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Siblings:History/traditions: Virtues and Vices
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  1. Elisa Aaltola (2007). The Moral Value of Animals. The Proceedings of the Twenty-First World Congress of Philosophy 3:219-225.
    Altruism has often been thought to be the reason we treat animals with a certain moral respect. Animals are not moral agents who could reciprocally honour our well being, and because of this duties toward them are considered to be based on other-directed motivations. Altruism is a vague notion, and in the context of animals can be divided into at least three different alternatives. The first one equates altruism with benevolence or "kindness"; the second one argues altruism is based on (...)
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  2. Ruth Abbey (1999). The Roots of Ressentiment. New Nietzsche Studies 3 (3-4):47-61.
    Despite its centrality for an understanding of Nietzsche's thought, the term ressentiment does not appear in his writings before Beyond Good and Evil. This article argues that the roots of the idea of ressentiment appear in his middle period writings when he discusses vanity [die Eitelkeit].
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  3. Andrew Aberdein (forthcoming). The Vices of Argument. Topoi.
    What should a virtue theory of argumentation say about fallacious reasoning? If good arguments are virtuous, then fallacies are vicious. Yet fallacies cannot just be identified with vices, since vices are dispositional properties of agents whereas fallacies are types of argument. Rather, if the normativity of good argumentation is explicable in terms of virtues, we should expect the wrongness of bad argumentation to be explicable in terms of vices. This approach is defended through analysis of several fallacies, with particular emphasis (...)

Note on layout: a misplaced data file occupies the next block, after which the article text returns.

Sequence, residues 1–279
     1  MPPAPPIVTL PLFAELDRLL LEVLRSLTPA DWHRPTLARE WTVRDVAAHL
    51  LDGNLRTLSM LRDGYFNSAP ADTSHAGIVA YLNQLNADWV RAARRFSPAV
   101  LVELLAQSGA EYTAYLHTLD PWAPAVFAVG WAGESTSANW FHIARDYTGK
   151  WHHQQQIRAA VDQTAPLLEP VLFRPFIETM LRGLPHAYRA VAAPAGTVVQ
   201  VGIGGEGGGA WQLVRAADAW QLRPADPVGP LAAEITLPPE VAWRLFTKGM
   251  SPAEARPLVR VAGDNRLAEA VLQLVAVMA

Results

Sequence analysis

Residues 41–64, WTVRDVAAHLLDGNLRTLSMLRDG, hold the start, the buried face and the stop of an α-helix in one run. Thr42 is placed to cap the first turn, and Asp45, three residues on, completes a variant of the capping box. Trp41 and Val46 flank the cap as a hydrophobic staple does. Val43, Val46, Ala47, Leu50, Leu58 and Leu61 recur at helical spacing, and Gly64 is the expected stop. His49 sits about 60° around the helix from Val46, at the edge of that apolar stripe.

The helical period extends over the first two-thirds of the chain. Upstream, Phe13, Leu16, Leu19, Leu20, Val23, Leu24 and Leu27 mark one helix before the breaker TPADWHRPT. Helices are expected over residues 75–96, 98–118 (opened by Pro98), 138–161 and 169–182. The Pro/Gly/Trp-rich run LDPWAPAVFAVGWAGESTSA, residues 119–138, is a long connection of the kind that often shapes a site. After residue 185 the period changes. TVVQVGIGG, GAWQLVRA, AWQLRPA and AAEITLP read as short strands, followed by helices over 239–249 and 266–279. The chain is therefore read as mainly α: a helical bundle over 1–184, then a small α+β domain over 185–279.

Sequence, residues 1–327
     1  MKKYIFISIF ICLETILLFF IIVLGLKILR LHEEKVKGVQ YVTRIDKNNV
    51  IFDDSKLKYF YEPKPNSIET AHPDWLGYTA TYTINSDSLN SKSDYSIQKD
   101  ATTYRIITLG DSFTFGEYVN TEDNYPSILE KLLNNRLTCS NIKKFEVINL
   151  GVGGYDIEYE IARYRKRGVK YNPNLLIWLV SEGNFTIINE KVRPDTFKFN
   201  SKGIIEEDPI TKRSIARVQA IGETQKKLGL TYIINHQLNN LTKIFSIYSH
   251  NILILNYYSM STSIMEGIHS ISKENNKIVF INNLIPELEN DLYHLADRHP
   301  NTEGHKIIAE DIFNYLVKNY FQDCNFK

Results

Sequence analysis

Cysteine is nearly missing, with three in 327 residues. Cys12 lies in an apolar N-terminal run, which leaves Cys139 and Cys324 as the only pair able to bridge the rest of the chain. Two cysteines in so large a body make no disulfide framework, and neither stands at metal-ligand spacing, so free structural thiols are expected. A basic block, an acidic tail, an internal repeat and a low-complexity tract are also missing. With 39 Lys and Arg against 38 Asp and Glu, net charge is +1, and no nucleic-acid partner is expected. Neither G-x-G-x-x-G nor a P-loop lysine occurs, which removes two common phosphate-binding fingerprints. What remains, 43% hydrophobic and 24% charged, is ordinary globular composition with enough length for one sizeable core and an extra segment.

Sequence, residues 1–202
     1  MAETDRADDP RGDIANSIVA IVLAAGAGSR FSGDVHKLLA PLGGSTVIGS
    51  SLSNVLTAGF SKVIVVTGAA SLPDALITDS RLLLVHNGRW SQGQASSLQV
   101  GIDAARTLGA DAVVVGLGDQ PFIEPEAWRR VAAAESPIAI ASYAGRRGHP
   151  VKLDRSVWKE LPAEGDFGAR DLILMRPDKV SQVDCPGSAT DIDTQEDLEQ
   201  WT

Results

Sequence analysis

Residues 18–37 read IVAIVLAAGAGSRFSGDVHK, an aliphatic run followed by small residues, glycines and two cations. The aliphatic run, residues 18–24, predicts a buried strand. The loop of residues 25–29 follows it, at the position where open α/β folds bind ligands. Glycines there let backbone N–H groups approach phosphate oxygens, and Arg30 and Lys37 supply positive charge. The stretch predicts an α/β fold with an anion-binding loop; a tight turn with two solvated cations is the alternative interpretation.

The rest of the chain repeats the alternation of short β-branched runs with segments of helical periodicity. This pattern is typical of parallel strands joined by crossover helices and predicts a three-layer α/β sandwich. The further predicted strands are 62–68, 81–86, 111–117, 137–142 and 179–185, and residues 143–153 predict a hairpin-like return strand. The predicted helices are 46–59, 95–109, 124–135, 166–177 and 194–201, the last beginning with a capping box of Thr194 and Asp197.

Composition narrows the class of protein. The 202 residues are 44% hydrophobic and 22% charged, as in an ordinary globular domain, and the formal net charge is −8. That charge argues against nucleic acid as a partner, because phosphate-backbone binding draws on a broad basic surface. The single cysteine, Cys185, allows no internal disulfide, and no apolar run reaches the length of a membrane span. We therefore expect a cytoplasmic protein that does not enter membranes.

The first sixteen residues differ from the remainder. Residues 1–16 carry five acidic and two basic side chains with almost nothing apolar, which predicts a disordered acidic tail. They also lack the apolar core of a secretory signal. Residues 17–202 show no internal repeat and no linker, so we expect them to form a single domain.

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  4. Andrew Aberdein & Daniel H. Cohen (2016). Introduction: Virtues and Arguments. Topoi 35 (2):339-343.
    It has been a decade since the phrase virtue argumentation was introduced, and while it would be an exaggeration to say that it burst onto the scene, it would be just as much of an understatement to say that it has gone unnoticed. Trying to strike the virtuous mean between the extremes of hyperbole and litotes, then, we can fairly characterize it as a way of thinking about arguments and argumentation that has steadily attracted more and more attention from argumentation (...)
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  5. Maria Magoula Adamos (2011). Is Forgiveness a Good Thing? Forgiveness: Promise, Possibility and Failure.
    While most scholars focus on the advantages of forgiveness, the negative effects of hasty forgiveness have been largely neglected in the literature. In this essay I shall argue that in certain contexts granting forgiveness to a wrongdoer could be morally questionable, and sometimes it could even be morally wrong. Following Aristotle’s view of emotion, and, in particular, his notion of virtuous anger, I shall claim that appropriate, righteous anger is instrumental for justice, and, as a result, inappropriate, or imprudent forgiveness (...)
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  6. Robert Merrihew Adams (2006). A Theory of Virtue: Excellence in Being for the Good. Clarendon Press.
    The distinguished philosopher Robert M. Adams presents a major work on virtue, which is once again a central topic in ethical thought. A Theory of Virtue is a systematic, comprehensive framework for thinking about the moral evaluation of character, proposing that virtue is chiefly a matter of being for what is good, and that virtues must be intrinsically excellent and not just beneficial or useful.
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  7. Mark Alfano (forthcoming). Moral Thinking, More and Less Quickly. Journal of Moral Education.